The Niagara Falls History Museum was the site of my latest feat. Located in the old Stamford Town Hall on Ferry Street, it received a 12 million dollar renovation in 2012 in order to properly preserve and house its more than 26,000 artifacts. I am embarrassed to say that in all the years I have lived in Niagara Falls, I have never visited the museum. When Culture Days advertised a behind the scenes tour, I decided it was time to check it out.
Since my older son, Christian, had been having some challenges with his mood as is not uncommon as Fall sets in, I gently cajoled him into accompanying me in order to change up his day by being around, but not overwhelmed by, a few other folks. When we arrived, we met a lovely woman who was at the welcome desk. As Maja had us sign us up for the tour, I told her about my positive psychology experiment. She asked if I did mental health-related training and shared that it would be especially helpful for museum front-line staff who regularly encounter individuals presenting with unusual behaviours and other challenges, possibly related to ongoing mental illness. I talked about a presentation for the Welland Public Library staff that I had participated in with Canadian Mental Health Association workers and suggested something similar could be arranged. We exchanged information, and Maja said that she would talk to her Manager and get back to me. It was only when I began to write this blog that I realized the Culture and Museum Manager is someone I know through his wife and mother, both of whom I worked with at Brock University. Once again, It seems to me that the Universe has chosen to send its intentions my way.
While we waited for the tour, Christian and I browsed the War of 1812 gallery. Given the opportunity to don a coatee and hat, and brandish a musket, I dutifully hammed it up for the camera. It made my kid laugh too, which was a good thing. Returning to the reception area, about 8 other people were waiting as Christine, our guide, joined us to begin the tour. We were quite a heterogeneous group: Christian and me, several middle-aged women, an elderly couple, a Dad and his young daughter. Christine took us to the elevator and we descended to the basement storage area. She explained to us that their recent renovations had allowed the museum to properly store the variety of pieces – from ploughs to chairs to pictures to taxidermied animals and birds. My favourite was Skipper, a dog born without front legs whose owner had fashioned a wheeled apparatus so he could get around on his own. After his death (from natural causes we were assured), the owner, who was a taxidermist, mounted both Skipper and his skeleton, which were preserved for future generations like us to see.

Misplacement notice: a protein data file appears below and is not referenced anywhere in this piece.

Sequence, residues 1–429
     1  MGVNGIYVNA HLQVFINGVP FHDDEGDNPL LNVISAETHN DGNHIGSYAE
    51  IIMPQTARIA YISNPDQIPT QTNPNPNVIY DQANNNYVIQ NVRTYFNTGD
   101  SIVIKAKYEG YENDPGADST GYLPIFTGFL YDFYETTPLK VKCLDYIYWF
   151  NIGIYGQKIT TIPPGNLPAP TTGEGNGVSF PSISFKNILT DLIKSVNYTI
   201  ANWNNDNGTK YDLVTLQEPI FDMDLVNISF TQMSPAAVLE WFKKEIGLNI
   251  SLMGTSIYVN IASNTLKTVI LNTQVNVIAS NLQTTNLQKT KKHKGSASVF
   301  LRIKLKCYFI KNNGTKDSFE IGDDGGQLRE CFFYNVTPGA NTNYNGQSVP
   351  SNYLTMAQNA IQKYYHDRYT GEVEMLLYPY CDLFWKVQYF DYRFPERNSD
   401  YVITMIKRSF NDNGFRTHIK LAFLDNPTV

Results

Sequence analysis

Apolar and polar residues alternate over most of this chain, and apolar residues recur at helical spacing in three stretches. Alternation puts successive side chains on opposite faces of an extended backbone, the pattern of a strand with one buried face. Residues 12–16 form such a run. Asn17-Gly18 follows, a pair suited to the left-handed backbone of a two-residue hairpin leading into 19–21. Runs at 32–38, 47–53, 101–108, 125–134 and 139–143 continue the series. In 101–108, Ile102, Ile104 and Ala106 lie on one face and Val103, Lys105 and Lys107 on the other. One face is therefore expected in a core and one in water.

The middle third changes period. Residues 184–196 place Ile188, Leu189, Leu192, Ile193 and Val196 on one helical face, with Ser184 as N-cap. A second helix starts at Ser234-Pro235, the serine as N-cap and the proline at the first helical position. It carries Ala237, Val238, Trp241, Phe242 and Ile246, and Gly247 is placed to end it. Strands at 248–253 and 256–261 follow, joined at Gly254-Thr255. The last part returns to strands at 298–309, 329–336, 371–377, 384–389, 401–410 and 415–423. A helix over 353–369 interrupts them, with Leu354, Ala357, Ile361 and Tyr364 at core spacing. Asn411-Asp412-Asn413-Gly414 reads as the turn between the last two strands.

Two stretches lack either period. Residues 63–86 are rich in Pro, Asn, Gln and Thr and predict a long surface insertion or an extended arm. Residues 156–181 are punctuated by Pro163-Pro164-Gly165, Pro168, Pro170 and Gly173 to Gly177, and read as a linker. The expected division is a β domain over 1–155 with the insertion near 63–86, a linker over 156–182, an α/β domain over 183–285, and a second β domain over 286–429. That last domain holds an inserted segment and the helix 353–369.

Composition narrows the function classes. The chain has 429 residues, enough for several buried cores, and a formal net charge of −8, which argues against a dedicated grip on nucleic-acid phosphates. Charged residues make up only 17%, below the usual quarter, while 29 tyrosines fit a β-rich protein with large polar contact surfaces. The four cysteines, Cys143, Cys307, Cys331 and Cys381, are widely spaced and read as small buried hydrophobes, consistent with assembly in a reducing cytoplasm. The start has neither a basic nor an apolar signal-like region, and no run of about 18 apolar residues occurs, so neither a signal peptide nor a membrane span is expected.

Christine explained that for years the museum had collected items with an emphasis on breadth rather than depth. As a result, many of the artifacts have little history attached to them. The mandate now is all about “telling the story and preserving the ongoing culture and history of Niagara Falls.” Later, in the War of 1812 exhibit, she illustrated this concept using as an example a small scrap of material that became part of the collection. Through research and enhanced preservation techniques, this piece of crumpled uniform was restored and identified by the type of wool and buttons used to be that of an officer; a further investigation found two officers who had died in this battle. This item now tells its important and personal story to the visitors of the museum about the War of 1812 through a real soldier’s experience.
When Christian asked Christine about her favourite artifact, she shared another significant element to the museum’s content: it’s not just about old items; the culture and community of Niagara Falls encompasses both old and new and is meant to tell the story for generations to come. Christine enjoyed the materials associated with the daredevils, including Nick Wallenda’s 2012 walk “over the mighty Niagara Falls” as is captioned in the signed poster displayed upstairs. I gravitated to an interactive exhibit that allowed visitors to try their own hand (or more appropriately, feet) at traversing the Falls on a tightrope. My silly antics again received laughs from the boy, who was easily coaxed into taking my picture.
As we arrived back in the lobby area, we again saw Maja who reconfirmed her interest in connecting about mental health training in the future. We also picked up brochures advertising upcoming activities at the museums including a community yoga series and a Fall film series (programmed by another former Brock colleague, the amazing Joan Nicks). As we left, Christian commented that he was surprised how much he had enjoyed the afternoon and expressed interest in checking out the yoga program as well. For my part, I happily noted how anecdotally we had demonstrated the idea that novel, intentional activities, laughter, and social connections can have a positive impact on one’s mood. Another Fabulous Feat successfully completed, with a dash of mental health education sprinkled in for good measure.
Next up: Open Late at the Welland Canal Centre